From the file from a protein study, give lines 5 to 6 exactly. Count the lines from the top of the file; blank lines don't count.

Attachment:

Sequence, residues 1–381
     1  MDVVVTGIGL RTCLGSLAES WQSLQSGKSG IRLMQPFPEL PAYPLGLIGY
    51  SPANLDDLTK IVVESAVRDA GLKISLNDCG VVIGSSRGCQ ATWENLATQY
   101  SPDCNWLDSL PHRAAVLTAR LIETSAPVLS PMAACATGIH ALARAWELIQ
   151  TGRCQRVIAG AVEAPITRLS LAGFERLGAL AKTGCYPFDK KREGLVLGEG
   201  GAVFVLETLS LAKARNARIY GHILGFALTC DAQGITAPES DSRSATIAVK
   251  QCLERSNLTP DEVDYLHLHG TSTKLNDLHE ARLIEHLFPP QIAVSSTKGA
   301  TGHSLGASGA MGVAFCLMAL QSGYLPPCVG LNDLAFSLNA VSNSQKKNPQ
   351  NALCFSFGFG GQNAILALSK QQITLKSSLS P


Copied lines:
   151  TGRCQRVIAG AVEAPITRLS LAGFERLGAL AKTGCYPFDK KREGLVLGEG
   201  GAVFVLETLS LAKARNARIY GHILGFALTC DAQGITAPES DSRSATIAVK